This week, Indian Country is up in arms about threats made against Seattle’s first—and only—Indigenous city council member Debora Juarez, Blackfeet. I want to say right away that I do not condone anyone going to someone else’s residence to harass or berate them. I hate that s***. I don’t think that—unless we’re talking about Jeff (Em)Bezos or some other privileged white person who has a whole couple of suburban blocks for themselves and a mansion—going to someone else’s house in the middle of the night for several nights to “protest” is going to be productive. But that stuff did happen. And I believe it creates tensions across BIPOC communities that are counterproductive to the goals of de-funding the police and re-appropriating taxpayer money for community social and health services.
With that said, I want to talk about the role of media in their coverage of the situation, as well as how it relates to the delicate balance between voice and accountability. Indian Country Today posted a banger of a headline: “Protesters threaten Indigenous Seattle council member.” The article starts with a description of the issues Councilmember Juarez faced, as well excerpts of statements from Indigenous leaders denouncing the behaviors of protestors as “disgusting and the antithesis of the movement,” “incredibly personal and targeted acts of violence,” and “hateful or dehumanizing behavior,” among other things. The author of the article does make apparent the fact these statements (Juarez or otherwise) are directed at the white or otherwise non-BIPOC protestors who engage in the violent and threatening behavior.
I’m no stranger to studies of mainstream media. Mainstream media as a whole has a history of placing Black communities in a negative light. Media coverage of O.J. Simpson is a prime example of the racialized sensationalism of murder that target alleged Black criminals who harm white victims (Lyon 2009). It gave rise to hundreds of weekly hours of T.V. shows on crime—especially those that focus on Black criminals (ibid.). Most (but not all) media cover crime for the sake of corporate profit. The New York Times‘ video reconstruction of George Floyd’s death—while in service to the imperatives of “transparency”—harms Black viewers who will likely internalize and become traumatized by the images of violence against a Black body (Mabute-Louie, 2020). The New York Times benefit economically from their reconstruction of the police videos even if the intended purpose of doing so is to bring forth justice against the violence.
Because of Indian Country Today‘s recent affiliation with the Associated Press, I consider it to be part of mainstream media, which as a whole continue to employ tactics that garner viewership at the cost of Black community reputation and voice. When read plainly, the headline of today’s article, “Protesters threaten Indigenous Seattle council member,” is vague enough to be both attention-grabbing and controversial. Readers don’t know that Indigenous leaders are criticizing the behaviors of non-BIPOC protesters until they had a chance to build a relationship with the article and understand the lore behind the story. Even if the lay reader had a chance to read through the article, that is not enough for them to be convinced that it’s only talking about a subset of protestors who engage in harassment and destructive behaviors (as opposed to both BIPOC and non-BIPOC protestors). The term “protester” has lost all meaning.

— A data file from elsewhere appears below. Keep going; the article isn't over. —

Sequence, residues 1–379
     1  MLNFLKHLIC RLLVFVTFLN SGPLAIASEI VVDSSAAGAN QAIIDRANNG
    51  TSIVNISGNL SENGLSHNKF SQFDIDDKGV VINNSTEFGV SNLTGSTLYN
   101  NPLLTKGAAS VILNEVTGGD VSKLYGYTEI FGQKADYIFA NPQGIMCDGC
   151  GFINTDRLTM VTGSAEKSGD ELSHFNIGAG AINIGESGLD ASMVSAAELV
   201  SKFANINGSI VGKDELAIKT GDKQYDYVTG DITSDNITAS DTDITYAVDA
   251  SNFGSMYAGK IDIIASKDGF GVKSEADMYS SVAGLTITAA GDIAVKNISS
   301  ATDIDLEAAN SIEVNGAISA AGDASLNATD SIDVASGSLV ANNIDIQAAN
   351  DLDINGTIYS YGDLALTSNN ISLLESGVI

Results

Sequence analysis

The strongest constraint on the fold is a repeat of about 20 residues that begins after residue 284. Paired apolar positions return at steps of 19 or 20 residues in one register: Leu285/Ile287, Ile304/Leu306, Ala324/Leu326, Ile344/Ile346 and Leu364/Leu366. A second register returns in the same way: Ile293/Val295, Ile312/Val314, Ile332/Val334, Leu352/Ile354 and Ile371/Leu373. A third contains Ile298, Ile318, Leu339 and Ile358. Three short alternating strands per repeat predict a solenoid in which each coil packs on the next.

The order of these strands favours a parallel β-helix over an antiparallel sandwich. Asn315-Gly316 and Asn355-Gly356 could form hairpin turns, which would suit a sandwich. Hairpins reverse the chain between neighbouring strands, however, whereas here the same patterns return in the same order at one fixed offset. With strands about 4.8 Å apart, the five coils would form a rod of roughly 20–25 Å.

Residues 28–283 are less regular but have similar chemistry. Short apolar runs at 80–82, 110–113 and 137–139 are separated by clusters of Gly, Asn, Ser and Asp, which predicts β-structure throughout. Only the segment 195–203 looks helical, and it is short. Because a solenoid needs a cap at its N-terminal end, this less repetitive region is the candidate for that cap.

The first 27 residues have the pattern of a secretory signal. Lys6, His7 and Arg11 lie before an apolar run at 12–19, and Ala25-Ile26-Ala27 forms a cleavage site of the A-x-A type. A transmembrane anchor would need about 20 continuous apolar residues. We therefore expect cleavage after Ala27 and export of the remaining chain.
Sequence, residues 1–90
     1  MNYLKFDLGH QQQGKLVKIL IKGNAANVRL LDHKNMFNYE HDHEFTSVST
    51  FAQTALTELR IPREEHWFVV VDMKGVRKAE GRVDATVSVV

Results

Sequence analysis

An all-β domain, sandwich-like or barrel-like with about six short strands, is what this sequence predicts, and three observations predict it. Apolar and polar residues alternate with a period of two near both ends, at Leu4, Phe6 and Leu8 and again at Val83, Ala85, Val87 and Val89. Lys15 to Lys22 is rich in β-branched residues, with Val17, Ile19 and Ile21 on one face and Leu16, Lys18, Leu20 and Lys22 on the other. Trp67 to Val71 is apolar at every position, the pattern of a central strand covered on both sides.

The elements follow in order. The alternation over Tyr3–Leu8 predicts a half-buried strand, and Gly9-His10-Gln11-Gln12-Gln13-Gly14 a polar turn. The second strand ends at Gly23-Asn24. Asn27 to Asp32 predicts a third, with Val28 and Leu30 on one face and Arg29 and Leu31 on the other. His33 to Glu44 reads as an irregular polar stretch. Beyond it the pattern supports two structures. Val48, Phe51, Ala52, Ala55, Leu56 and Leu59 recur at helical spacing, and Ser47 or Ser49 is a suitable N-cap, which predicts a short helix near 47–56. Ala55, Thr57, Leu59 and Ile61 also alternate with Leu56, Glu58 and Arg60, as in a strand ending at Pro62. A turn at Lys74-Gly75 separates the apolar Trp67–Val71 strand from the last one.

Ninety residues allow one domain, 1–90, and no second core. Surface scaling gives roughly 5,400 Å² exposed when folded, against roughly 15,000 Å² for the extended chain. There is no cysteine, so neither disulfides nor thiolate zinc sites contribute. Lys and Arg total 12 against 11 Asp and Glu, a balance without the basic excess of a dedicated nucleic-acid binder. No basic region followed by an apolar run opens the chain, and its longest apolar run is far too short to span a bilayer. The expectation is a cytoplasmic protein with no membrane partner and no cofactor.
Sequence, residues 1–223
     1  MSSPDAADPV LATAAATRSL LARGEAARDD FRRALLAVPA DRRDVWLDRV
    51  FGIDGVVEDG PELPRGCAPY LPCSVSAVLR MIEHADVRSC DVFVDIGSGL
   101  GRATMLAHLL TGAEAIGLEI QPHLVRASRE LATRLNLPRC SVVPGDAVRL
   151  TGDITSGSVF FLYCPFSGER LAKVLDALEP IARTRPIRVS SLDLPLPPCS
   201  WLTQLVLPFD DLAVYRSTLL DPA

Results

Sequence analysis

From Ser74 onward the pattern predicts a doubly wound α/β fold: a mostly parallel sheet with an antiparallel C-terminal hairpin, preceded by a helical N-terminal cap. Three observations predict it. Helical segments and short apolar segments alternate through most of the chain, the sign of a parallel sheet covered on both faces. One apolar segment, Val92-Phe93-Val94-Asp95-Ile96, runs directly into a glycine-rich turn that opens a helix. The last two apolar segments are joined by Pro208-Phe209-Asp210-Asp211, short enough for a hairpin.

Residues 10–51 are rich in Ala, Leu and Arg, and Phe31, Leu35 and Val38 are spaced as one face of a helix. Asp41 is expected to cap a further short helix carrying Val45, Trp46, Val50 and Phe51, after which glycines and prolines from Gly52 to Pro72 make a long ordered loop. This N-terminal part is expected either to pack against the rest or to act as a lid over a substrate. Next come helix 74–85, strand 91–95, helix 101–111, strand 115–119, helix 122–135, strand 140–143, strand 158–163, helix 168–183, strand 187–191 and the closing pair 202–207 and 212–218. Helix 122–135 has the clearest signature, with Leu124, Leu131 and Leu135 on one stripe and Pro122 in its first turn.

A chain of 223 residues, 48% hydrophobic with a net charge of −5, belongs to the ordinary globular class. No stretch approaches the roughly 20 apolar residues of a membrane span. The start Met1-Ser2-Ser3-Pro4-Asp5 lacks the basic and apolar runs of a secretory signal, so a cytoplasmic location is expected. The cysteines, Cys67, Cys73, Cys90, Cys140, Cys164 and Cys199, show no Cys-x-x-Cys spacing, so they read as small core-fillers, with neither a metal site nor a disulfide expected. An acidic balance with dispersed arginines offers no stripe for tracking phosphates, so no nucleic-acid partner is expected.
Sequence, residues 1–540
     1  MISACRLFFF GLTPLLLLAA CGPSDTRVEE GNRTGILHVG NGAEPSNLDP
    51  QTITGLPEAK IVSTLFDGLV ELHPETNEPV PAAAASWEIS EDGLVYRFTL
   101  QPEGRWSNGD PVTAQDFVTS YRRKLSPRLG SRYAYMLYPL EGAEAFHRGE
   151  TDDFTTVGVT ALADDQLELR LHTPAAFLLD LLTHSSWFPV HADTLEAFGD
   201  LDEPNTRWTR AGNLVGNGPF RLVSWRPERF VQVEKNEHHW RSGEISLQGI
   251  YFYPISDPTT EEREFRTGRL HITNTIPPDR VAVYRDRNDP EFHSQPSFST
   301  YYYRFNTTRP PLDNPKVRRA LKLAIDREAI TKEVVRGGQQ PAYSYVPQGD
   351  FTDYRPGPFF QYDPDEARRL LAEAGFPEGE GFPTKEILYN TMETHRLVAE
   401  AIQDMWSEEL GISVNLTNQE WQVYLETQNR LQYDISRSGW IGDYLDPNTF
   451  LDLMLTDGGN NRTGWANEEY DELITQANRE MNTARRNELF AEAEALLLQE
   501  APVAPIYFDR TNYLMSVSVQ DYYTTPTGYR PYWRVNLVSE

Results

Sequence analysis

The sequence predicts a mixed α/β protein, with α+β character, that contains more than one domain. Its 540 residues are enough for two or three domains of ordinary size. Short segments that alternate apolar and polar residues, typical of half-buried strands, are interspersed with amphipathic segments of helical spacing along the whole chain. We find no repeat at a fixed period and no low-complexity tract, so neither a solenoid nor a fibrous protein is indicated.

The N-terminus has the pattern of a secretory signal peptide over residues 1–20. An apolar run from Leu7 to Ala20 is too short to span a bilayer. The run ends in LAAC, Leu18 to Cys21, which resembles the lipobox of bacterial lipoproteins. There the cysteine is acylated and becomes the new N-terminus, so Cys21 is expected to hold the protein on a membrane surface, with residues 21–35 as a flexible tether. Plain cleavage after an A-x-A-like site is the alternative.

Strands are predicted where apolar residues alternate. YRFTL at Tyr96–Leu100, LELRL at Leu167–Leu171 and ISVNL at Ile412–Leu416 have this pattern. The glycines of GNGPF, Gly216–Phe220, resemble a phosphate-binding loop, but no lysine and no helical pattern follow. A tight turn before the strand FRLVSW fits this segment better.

I want to be clear that Indian Country Today, Juarez, and fellow Indigenous leaders had every right to denounce violence against Indigenous women. As leaders, they are held accountable to the futurity their communities. An Indigenous future should not have to depend on the continuity of the Settler state (Tuck and Yang 2012). However, these same arguments must not overshadow (even inadvertently!) the more timely and imperative issues of police violence against Black bodies and communities. So how might any leader balance voice with commitments to their own community as well as commitments to marginalized communities that are not their own? It begins with a recognition that non-BIPOC systems and structures are meant to be divisive. As an participant in mainstream media, Indian Country Today is no less responsible for writing that frames Black communities in a negative light. By extension, as a Seattle City Council member, Juarez is no less responsible for making decisions that potentially harm Black communities.
We must never lose sight of the imperative of looking outward and dismantling the systems and structures that harm and divide marginalized communities. We must always ask ourselves, “What’s next?” If the goal is to criticize non-BIPOC “protesters” who engage in harassment and destructive behaviors, how might news organizations frame this in a way that doesn’t give lay readers a reason to believe that the criticism is also directed to Black organizers who have a different approach and ethic to the situation? If the stated goal is to ensure that 50% of police funding go towards community social and health services instead, how might leaders in their capacities hold each other responsible for articulating and realizing that goal? I don’t have the answers on top of my head. But I believe BIPOC leaders and organizations have the power to unravel and challenge the divisiveness of systems that were never designed for Black and Brown communities. That’s it. See you.